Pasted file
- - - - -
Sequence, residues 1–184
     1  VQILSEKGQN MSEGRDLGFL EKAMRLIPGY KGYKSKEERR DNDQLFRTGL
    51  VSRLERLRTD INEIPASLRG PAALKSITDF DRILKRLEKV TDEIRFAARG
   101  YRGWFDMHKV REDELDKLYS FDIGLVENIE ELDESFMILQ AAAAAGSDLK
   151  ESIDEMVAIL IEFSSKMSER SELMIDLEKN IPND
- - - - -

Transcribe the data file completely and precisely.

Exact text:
Sequence, residues 1–184
     1  VQILSEKGQN MSEGRDLGFL EKAMRLIPGY KGYKSKEERR DNDQLFRTGL
    51  VSRLERLRTD INEIPASLRG PAALKSITDF DRILKRLEKV TDEIRFAARG
   101  YRGWFDMHKV REDELDKLYS FDIGLVENIE ELDESFMILQ AAAAAGSDLK
   151  ESIDEMVAIL IEFSSKMSER SELMIDLEKN IPND